ation for all of us. speaking is difficult for me but i haven't been silent and neither should the american people, their representatives end gun violence. we will be here and sit in and stand tall until we can make sure there's no more orlando, no more aurora, no more victims, thank you so much. [applause]
mr. larson: we are join bird the great senator of the state of wisconsin a member of the 106th congress, tammy baldwin. [applause] and peter defazio. if anybody is just tune -- mr. defazio: if anybody is just tuning in with the speaker having shut off speakers and cameras, he has graced us with lights, thank you. they might have to shut down the whole building, that might be the trip. if people are tuning in, they might wonder, what are these dangerous, radical, revolutionary proposals the democrats want to foist on the american people now? what are they? they must be horrible if the speaker is going to these
lengths. universal background checks before you can buy a gun. today we have loopholes big enough to deliver truckloads of guns to people who are legally prohibited from buying guns but they don't have to undergo background checks and they can buy them, take them out and commit crimes and massacring and other things. is that a radical proposal, my friends? unanimous consent. it passed. now. there is one that, i can understand the republicans really have trouble with this. if you are on the terrorist watch list, you're on the terrorist watch list, you can't walk into a gun store and legally buy a gun. really? really, mr. speaker? you're holding up a vote on a bill that would say that people on the terrorist watch list,
clear and present danger to citizens of the united states of america, should be able to buy guns? really, mr. speaker? et us vote, now. >> no bill! >> no break! mr. larson: representative arbanes. mr. sarbanes: god bless gabbie giffords, my classmate, we came here together. gabbie, we won't let you down. god bless katherine clark and john lewis. bobby rush. and god bless all of you. but most importantly, god bless the families in orlando and the families in aurora, families in sandy hook, the families of all these tragedies across the country. god bless them for their grief, for their perseverance, for their hope, that we will do
something here. colleagues that they call this the people's house. and yet it's been a long time since the voice of the people has been heard in this place. the n.r.a. has a voice here. the gun manufacturers. have a voice in this place. but for some reason, that the republicans can't explain, the voice of the people is locked out and left out and left ehind. this icrophone -- motorcycle phone doesn't belong -- host: video froze up for a moment there. john sarbanes of maryland speaking to his fellow member thopes house floor. video looks good now, live coverage continues on c-span.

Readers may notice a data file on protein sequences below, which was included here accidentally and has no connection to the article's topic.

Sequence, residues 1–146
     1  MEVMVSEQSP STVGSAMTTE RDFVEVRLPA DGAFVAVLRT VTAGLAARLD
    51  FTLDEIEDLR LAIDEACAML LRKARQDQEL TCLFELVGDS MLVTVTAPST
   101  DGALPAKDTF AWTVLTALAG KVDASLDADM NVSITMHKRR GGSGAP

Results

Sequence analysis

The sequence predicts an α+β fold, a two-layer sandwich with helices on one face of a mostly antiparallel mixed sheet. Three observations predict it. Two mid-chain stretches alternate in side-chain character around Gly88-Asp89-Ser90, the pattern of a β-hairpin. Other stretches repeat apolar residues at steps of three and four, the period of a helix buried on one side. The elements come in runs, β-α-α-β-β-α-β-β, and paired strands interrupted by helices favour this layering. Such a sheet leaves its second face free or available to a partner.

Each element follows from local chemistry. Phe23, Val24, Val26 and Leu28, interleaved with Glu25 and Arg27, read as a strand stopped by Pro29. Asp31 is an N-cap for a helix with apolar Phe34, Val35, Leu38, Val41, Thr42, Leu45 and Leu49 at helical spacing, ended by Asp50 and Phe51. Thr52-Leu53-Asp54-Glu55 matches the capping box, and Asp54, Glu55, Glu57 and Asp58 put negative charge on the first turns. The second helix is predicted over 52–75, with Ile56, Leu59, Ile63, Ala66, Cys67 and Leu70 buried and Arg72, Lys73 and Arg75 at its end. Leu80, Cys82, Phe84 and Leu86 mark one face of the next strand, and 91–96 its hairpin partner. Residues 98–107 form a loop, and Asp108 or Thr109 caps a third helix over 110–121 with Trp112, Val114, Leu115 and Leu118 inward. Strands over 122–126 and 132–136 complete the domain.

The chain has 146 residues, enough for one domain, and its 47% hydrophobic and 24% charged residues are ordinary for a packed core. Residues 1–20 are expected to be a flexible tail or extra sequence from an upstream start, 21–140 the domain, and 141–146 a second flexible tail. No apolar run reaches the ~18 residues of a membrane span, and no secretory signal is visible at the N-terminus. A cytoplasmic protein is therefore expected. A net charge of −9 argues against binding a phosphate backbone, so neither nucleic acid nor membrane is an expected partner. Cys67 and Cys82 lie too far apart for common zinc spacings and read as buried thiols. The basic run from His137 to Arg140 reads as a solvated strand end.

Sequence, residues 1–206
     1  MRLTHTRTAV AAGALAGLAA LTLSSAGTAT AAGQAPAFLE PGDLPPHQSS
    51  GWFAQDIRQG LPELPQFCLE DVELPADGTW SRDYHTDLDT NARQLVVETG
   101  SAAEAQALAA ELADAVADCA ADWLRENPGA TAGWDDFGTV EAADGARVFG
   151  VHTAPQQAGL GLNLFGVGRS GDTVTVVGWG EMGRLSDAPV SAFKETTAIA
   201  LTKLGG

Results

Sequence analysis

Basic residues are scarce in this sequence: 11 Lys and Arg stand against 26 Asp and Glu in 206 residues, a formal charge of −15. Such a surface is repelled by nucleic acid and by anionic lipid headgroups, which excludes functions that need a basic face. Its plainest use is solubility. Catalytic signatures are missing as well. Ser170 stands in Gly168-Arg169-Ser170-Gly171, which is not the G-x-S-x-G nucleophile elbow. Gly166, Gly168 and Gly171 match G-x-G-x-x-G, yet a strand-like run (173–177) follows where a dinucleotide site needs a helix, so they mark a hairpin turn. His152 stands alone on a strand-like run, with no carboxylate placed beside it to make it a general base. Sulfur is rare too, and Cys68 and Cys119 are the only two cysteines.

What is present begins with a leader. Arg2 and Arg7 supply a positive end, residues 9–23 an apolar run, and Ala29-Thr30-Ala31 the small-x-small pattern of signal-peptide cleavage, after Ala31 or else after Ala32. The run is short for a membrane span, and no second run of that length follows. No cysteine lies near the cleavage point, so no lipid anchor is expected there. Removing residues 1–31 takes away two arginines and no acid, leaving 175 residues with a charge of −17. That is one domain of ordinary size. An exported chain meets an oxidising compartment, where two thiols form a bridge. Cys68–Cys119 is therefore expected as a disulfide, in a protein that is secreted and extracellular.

mr. sarbanes: this microphone they've cut off belongs to the american people. [applause] his is their microphone. all we are trying to do, mr. speaker is get a vote. that's all we're trying to do. we're trying to do our job. nd the only job that you have, really, is to bring a vote to the floor. that's your job as speaker of this institution. is to bring to the floor the matters that the american people want to have addressed by our vote, by their representatives. that's your job. to bring a vote to this floor. too many people in this country are grieving. and many americans are hungry
for just some common sense. just the simplest things that show we haven't lost our minds, to show that we still have some sanity in this country. that's all americans are asking for. that's what they're hungry for. you know, i can hear doctor king's words. he once said, somewhere i hear the god of the universe saying, i was hungry and you fed me not. there are people in this country who are hungry for commonsense measures to address their grieving and their pain. is that going to be the legacy of paul ryan? that a grieving mother in sandy hook will say, i was hungry and ewe fed me not? that a parent in atlanta who is
heart broken today will say, i was hungry, and you fed me not? all we are asking is for a vote, 85%, 90% of americans know we need to have universal background checks. they know if you're too dangerous to fly on an airplane, you're too dangerous to have a gun. 90% of americans want to see us take that vote. let us have the vote. and don't send us home without giving us that opportunity. don't send us home without giving us the opportunity to say to these families that are grieving, that are heart broken, that we hear them that we understand them, that we feel their pain, and that we want to do something about it. don't send us home without giving us that opportunity. no bill, no break. >> no bill! o break!
mr. larson: our senator colleagues who have joined us, we're proud to welcome another former member of this body, gary peters. [applause] from the state of virginia by way of rockville, connecticut, mark warner who is here with us. and our great leader steve srael. mr. israel: my colleagues, about an hour and a half, two hours ago, many of us stood on the steps of this capitol with leader pelosi and we stood with bobby rush, stood with other members of this body, and we stood with families of those who have been kill by gun violence. i was thinking about the first time i stood on the steps of the capitol.